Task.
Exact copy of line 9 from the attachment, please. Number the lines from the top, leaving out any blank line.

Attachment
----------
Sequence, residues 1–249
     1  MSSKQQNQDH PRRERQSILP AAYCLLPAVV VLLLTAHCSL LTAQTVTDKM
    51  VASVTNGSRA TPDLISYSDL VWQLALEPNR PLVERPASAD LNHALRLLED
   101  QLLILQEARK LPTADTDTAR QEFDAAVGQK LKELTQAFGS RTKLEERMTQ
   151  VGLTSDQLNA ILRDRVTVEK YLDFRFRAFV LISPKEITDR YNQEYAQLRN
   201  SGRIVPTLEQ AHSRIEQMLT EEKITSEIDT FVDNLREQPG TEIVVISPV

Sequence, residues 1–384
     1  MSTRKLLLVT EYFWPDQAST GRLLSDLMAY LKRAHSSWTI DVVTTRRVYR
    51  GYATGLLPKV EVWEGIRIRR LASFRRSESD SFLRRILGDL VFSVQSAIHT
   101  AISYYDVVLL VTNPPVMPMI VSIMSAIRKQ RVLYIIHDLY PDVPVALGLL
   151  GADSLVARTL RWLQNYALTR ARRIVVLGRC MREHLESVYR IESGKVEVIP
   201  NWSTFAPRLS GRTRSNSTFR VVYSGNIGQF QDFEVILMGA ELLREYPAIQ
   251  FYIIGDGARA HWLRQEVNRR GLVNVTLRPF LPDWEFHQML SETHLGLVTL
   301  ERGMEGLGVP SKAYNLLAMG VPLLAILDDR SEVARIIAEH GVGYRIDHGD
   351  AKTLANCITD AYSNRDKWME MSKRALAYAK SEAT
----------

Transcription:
    51  GYATGLLPKV EVWEGIRIRR LASFRRSESD SFLRRILGDL VFSVQSAIHT